• JR Knifemaker
    54
    Evening Team-

    Looking for assistance.

    Up until now I’ve worked mainly with man made handle materials (micarta and G10), but currently have a little bushcrafter with a lovely black palm handle that will imminently hit the finishing stage.

    Here’s my game plan: grind off excess, and hit up the hand sand 120 grit to desired shape, then against 120 grit I’ll sand to 180, then 240, etc. Oiling with Danish oil between each grit. I don’t know where I should take the grits too. 600?

    Any tips? Thanks all

    Jake
  • Zach Byrne
    4
    Might just be preference here, but I only go up to 400 on a regular wood handle for a bushcraft knife. In my experience it gives a nice and smooth feel, but also leaves you with enough grip to keep hold of it no matter what you're doing. Also, I like to really work my outdoor knives, so some scratches are inevitable. If I leave it at 400 then I'm not gonna be paranoid about keeping it all nice and pretty since it isn't that much of a hassle to touch it up.
  • JR Knifemaker
    54
    Thanks Zach. That’s helpful. Are you oiling between each grit?

    I’m not experienced with wood as you can tell....
  • Caleb
    4
    I'm with Zach. Any of the bushcraft style knives I've made I usually stop at 400 with the hand sanding. It's nice to have that polished look you get with more hand sanding, but you really need to have that little extra grip in there that the 400 will leave ya.

    As for finishing wood. I've worked with a bit of non-stabilized wood and here's my process for finishing.

    Hand sand to 400
    Soak in linseed oil over night
    Remove from oil, clean it off with a clean cloth
    Melt some beeswax on it and give it a good buff with a clean cloth

    The beeswax step can be skipped, but in my experience it helps seal it a little more and also gives it a little more grip.
  • JR Knifemaker
    54
    Superb.

    Is linseed a better idea than danish?
  • Caleb
    4
    I don't think one is better then the other, it's just a personal choice. Of course, ask 10 makers what they like and you're going to get 20 answers. I'm sure someone will have a reason why 1 is better then another, I was just taught by one of my mentors and that's what she used.
  • Ross Vosloo
    21
    my routine is rasp to shape, profile with 24 grit, then 150g, then 400g, then hand sand with 600grit. after that i buff the handle, then i finish it with floor polishing wax and finally some teak oil.

    gives a really nice smooth finish and with the woods i use, african teak, african blackwood and muwanga (pericopsis angolensis) it has a beautiful shine too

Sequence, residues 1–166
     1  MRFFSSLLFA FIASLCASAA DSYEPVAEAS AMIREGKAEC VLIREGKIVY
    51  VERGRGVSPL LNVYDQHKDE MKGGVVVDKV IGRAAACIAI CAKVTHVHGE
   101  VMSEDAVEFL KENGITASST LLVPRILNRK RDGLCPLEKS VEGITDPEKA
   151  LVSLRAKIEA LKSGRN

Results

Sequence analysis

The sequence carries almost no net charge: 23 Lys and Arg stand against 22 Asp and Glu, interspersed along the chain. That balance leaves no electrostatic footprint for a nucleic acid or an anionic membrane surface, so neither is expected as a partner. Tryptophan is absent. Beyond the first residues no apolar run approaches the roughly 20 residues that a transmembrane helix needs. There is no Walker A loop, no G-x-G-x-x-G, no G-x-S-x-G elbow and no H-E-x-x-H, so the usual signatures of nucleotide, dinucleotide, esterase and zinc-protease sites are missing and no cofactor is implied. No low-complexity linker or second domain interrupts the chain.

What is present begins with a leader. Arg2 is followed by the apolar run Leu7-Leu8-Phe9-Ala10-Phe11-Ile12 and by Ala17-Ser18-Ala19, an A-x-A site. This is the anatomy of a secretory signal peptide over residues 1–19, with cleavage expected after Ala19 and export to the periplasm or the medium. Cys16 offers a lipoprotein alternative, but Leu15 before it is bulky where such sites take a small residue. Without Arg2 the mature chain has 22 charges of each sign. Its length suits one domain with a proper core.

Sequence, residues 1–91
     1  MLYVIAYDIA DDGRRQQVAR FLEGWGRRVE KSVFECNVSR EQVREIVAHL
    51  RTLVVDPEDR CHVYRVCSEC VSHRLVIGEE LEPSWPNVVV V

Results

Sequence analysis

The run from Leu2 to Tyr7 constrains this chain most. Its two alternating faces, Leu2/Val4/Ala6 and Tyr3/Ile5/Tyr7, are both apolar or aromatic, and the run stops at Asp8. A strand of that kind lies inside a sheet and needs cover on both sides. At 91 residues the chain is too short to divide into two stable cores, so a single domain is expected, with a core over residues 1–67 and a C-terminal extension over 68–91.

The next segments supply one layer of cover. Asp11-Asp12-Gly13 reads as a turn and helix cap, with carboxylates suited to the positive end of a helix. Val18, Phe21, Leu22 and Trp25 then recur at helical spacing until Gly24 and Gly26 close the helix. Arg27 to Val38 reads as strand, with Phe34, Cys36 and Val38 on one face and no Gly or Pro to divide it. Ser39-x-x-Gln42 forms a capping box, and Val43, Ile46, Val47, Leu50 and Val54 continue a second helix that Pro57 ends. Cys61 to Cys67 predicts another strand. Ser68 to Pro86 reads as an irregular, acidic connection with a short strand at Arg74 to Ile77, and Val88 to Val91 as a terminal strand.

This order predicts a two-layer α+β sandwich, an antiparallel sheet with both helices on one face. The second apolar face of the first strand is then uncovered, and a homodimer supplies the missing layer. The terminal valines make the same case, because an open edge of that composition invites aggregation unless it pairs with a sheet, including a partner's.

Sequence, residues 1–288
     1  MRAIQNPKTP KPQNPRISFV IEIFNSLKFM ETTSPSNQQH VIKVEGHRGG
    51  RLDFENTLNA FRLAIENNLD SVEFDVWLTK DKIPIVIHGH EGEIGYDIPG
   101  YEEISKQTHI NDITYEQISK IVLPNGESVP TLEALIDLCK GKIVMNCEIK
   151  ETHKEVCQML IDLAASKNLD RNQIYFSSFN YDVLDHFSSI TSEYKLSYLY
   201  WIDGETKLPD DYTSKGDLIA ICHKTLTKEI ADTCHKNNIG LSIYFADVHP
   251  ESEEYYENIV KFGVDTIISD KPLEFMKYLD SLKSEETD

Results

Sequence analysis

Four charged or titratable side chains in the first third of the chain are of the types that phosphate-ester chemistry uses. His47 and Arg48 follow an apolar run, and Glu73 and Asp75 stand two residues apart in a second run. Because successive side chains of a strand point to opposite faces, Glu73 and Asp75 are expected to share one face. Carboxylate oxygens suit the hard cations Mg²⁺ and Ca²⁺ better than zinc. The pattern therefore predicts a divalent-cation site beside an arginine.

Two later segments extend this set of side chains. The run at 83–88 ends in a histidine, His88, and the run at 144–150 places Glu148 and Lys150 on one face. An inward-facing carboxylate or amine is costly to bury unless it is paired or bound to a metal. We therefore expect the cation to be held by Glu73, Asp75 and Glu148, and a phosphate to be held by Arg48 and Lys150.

• Smith Knifeworks
    45
    I typically do whatever I'm gonna do on the belt grinder up to 180 or so. I'll hand sand to 400, rub good with 0000 steel wool and oil if It's not stabilized. I usually just use mineral oil. It's less of a finish and more of a "wood conditioner" sorta. I've had this handle finish used in a pro kitchen ( on ebony) for a few weeks ( the user estimates it to be equal to ~6 months of home use) and it did ok. It was not oiled by the tester and came back to me a little rough looking, but no structural issues at all. Just needed a re-oil. I've used tung oil and lindseed oil on guitars ( soft woods. no super oily, hard stuff. Pine, spruce and mahogany) in the past. I've always sanded to final grit, (0000)steel wool'd and then finished with oil. The natural oils ( tung and boiled linseed) take quite a while to harden. If you tried to sand in between coats, it would take forever. If you don't wait on the oil to harden, you'll end up with a shitty, sticky sawdust and oil goop mess. If it's a softer wood, it will drink up a lot of oil in the process. It took me the better part of a full week to finish a pine stratocaster body in tung oil. I had a total of probably 20 coats on it. Please be aware. Heed the warnings on these finishing products. Boiled Linseed oil ( and maybe others) make a lot of heat as they catalyze. If you leave a rag laying around with boiled linseed oil on it, it can absolutely auto-ignite and burn your shop down while you're not there. I would always throw the oil-soaked rags on the concrete drive way for a day or two before putting them in the trash can.
  • JR Knifemaker
    54
    Thanks all! This is very helpful.

    @Smith Knifeworks well I did not know that about boiled linseed!!! I’ve used boiled linseed a lot and have simply thrown it in the bin. I won’t from now on!

    Thanks again everyone. Much appreciated.
  • Smith Knifeworks
    45
    Yeah, man. Watch that. We don't need no houses burning down!
  • JR Knifemaker
    54
    https://m.youtube.com/watch?v=9yq6VW-c2Ts

    Well that’s an eye-opener. Might stick to the danish!!!
  • JR Knifemaker
    54
    Would soaking the handle in Danish prior to finishing achieve the same effect? @Caleb
  • Caleb
    4
    I would think so. I mainly soak it overnight in the linseed to get a really good penetration on the non-stabilized wood. I would think doing the same thing with Danish would help with penetration and give it more then just a surface coating.
  • JR Knifemaker
    54
    @Caleb Super. Thanks again.
  • Caleb
    4
    No problem, good luck and let us know how things turn out!
bold
italic
underline
strike
code
quote
ulist
image
url
mention
reveal
youtube
tweet
Add a Comment

Welcome to the Knife Talk forum!

Sign up to the forum for free to start discussions and get your questions & queries answered and engage with the community.